Even with every damage amplifier, our deck won't do anything if our creatures can't deal combat damage. Luckily, there are plenty of cards that make sure blockers won't be an issue. War Cadence demands a tax for every blocking creature. Our opponents may be able to pay for one or two, allowing the rest of the army to attack unopposed. Bedlam is even better, stopping creatures from blocking altogether. This could easily backfire, though, as it stops us from blocking as well. Aggro decks tend to draw a lot of attention, so we'll also need to be able to protect ourselves.

Meekstone is perfect for this, keeping opponents' creatures tapped so they can't attack or block. Mudslide is less broadly effective, but neatly handles any opposing token decks. It also rewards us for including plenty of flying creatures, while still letting us pay to untap key creatures. Subira, Tulzidi Caravanner obviously falls into this category, but Krenko, Mob Boss can quickly take over a game if left unchecked as well. Lastly, Goad may not seem like a defensive ability but it is, and it's a very good one. Making creatures attack elsewhere keeps our life total safe, while also furthering our own plan. Plus, if Subira is removed, Grenzo, Havoc Raiser can provide the extra card advantage we need to stay in the game.

If you can't outright stop your opponents from blocking, the next best thing is deciding how they block for them. Invasion Plans does force all creatures to block, but lets you decide how those blocks are stacked. Make all of your opponents' creatures block a Thopter token from Loyal Apprentice and have the rest go unblocked. Finally, Menace is not the same as unblockable, but it can certainly help, especially since most of our creatures already have flying. You could even include Yuan Shao, the Indecisive to make creatures with menace truly unblockable.

And don't forget that Subira, Tulzidi Caravanner can make your creatures unblockable as well. And if you're worried about having enough mana to make creatures unblockable and cast the spells you draw, add in Neheb, the Eternal. Braid of Fire also works, providing mana for Subira to make creatures unblockable during your upkeep, while keeping the deck's curve lean and aggressive.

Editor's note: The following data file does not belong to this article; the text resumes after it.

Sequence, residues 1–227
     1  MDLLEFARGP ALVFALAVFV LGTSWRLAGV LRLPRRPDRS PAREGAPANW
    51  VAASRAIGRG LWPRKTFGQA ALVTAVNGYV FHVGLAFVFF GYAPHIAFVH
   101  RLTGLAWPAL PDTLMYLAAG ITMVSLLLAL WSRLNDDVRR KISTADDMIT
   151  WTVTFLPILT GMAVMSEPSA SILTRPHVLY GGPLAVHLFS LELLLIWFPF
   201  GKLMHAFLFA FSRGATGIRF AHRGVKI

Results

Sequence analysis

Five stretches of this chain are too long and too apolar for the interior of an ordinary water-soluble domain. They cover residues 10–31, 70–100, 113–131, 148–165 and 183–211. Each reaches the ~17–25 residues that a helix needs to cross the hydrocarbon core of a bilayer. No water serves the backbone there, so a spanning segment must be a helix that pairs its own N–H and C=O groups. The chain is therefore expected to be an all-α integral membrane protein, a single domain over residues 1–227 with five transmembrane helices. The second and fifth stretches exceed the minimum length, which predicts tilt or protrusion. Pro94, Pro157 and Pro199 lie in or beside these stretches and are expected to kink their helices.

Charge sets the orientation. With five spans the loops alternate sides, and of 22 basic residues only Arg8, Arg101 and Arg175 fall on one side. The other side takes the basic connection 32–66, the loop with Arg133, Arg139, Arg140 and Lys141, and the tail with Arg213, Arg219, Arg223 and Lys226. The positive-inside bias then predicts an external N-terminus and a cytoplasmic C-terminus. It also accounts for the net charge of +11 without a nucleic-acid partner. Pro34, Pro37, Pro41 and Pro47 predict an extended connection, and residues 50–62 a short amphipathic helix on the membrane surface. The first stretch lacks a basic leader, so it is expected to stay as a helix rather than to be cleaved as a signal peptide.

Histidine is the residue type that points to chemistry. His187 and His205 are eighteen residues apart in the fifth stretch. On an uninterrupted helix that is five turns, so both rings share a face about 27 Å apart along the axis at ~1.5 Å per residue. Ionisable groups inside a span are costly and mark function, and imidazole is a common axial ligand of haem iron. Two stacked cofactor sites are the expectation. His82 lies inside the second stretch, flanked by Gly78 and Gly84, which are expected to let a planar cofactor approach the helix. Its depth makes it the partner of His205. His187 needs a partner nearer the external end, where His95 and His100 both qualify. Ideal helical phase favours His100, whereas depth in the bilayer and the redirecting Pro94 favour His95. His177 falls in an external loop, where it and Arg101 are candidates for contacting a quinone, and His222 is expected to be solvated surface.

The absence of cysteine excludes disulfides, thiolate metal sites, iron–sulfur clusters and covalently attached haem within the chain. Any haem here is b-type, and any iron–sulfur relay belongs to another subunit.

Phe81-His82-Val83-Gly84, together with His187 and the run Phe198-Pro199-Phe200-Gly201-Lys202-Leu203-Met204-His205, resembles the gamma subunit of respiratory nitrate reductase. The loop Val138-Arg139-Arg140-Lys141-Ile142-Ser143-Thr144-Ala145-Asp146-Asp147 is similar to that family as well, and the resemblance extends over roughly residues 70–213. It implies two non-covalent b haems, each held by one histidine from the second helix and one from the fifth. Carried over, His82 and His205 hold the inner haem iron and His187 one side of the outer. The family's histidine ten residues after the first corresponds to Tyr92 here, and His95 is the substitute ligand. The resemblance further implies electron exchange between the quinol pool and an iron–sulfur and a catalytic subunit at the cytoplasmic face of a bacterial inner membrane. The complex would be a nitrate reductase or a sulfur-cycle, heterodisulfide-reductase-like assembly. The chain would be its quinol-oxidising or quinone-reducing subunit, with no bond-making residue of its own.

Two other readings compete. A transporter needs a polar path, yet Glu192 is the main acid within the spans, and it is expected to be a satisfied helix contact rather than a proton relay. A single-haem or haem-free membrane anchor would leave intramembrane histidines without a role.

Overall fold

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I was genuinely surprised at how fun this deck was to put together. Subira, Tulzidi Caravanner is a very cool commander that asked me to think in a way that I usually don't. I certainly wasn't expecting to compare her to Edric, Spymaster of Trest, but I think the comparison stands to scrutiny. With a token army at her back, Subira can draw you a lot of cards, which you can then play out before your next turn. The creature slots are also highly flexible, letting you play your favorite red aggro creatures from Standard formats of the past.

Would you play Subira with Bird Maiden? If you've played with Subira, what have your favorite cards been? Let me know what you think in the comments, and thanks for reading.

Ben was introduced to Magic during Seventh Edition and has played on and off ever since. A Simic mage at heart, he loves being given a problem to solve. When not shuffling cards, Ben can be found lost in a book or skiing in the mountains of Vermont.